.

Thomas Jefferson defined a republic as:
The Founding Fathers discoursed endlessly on the meaning of "republicanism." John Adams in 1787 defined it as "a government, in which all men, rich and poor, magistrates and subjects, officers and people, masters and servants, the first citizen and the last, are equally subject to the laws."

Virtue vs. Commerce


The open question, as Pocock suggested, of the conflict between personal economic interest (grounded in Lockean liberalism) and classical republicanism, troubled Americans. Jefferson
Thomas Jefferson
Thomas Jefferson was the principal author of the United States Declaration of Independence and the Statute of Virginia for Religious Freedom , the third President of the United States and founder of the University of Virginia...

 and Madison
James Madison
James Madison, Jr. was an American statesman and political theorist. He was the fourth President of the United States and is hailed as the “Father of the Constitution” for being the primary author of the United States Constitution and at first an opponent of, and then a key author of the United...

 roundly denounced the Federalists for creating a national bank as tending to corruption and monarchism; Alexander Hamilton
Alexander Hamilton
Alexander Hamilton was a Founding Father, soldier, economist, political philosopher, one of America's first constitutional lawyers and the first United States Secretary of the Treasury...

 staunchly defended his program, arguing that national economic strength was necessary for the protection of liberty. Jefferson never relented but by 1815 Madison switched and announced in favor of a national bank, which he set up in 1816.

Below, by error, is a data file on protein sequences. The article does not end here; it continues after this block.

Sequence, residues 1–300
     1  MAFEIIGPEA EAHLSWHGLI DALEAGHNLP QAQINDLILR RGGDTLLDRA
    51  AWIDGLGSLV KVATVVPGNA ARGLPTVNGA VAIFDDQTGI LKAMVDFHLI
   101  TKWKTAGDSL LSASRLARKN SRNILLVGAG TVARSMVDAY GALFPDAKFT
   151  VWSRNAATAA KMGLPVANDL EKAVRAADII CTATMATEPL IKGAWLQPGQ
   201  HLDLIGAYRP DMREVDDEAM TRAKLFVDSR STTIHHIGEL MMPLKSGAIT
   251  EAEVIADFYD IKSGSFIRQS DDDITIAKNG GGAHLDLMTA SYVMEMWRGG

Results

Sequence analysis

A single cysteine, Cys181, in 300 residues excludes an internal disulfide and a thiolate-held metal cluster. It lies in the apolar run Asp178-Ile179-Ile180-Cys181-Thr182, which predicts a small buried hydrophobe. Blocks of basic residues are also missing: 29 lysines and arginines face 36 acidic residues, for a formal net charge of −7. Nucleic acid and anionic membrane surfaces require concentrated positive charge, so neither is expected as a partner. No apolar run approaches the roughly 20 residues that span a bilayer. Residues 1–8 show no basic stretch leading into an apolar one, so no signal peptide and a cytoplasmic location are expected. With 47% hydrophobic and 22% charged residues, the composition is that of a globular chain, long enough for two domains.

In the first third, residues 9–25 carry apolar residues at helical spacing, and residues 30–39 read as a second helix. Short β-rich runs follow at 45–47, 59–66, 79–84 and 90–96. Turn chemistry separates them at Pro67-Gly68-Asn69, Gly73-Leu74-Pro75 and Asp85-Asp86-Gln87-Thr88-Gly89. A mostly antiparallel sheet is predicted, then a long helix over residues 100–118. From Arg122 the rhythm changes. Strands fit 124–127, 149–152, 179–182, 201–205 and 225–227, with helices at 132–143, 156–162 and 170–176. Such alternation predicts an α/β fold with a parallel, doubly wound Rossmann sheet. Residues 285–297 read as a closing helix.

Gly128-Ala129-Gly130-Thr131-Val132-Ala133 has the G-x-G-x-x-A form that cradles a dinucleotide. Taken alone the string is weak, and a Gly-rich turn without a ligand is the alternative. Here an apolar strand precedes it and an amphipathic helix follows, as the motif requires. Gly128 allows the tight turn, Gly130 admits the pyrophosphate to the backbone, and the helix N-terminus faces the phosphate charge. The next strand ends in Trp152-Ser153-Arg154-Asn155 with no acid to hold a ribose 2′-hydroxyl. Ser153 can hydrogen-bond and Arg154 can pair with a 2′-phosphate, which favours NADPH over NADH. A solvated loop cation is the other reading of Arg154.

John Adams
John Adams
John Adams was an American lawyer, statesman, diplomat and political theorist. A leading champion of independence in 1776, he was the second President of the United States...

 often pondered the issue of civic virtue. Writing Mercy Otis Warren
Mercy Otis Warren
Mercy Otis Warren was a political writer and propagandist of the American Revolution. In the eighteenth century, topics such as politics and war were thought to be the province of men. Few women had the education or training to write about these subjects. Warren was the exception...

 in 1776, he agreed with the Greeks and the Romans, that, "Public Virtue cannot exist without private, and public Virtue is the only Foundation of Republics." Adams insisted, "There must be a positive Passion for the public good, the public Interest, Honor, Power, and Glory, established in the Minds of the People, or there can be no Republican Government, nor any real Liberty. And this public Passion must be Superior to all private Passions. Men must be ready, they must pride themselves, and be happy to sacrifice their private Pleasures, Passions, and Interests, nay their private Friendships and dearest connections, when they Stand in Competition with the Rights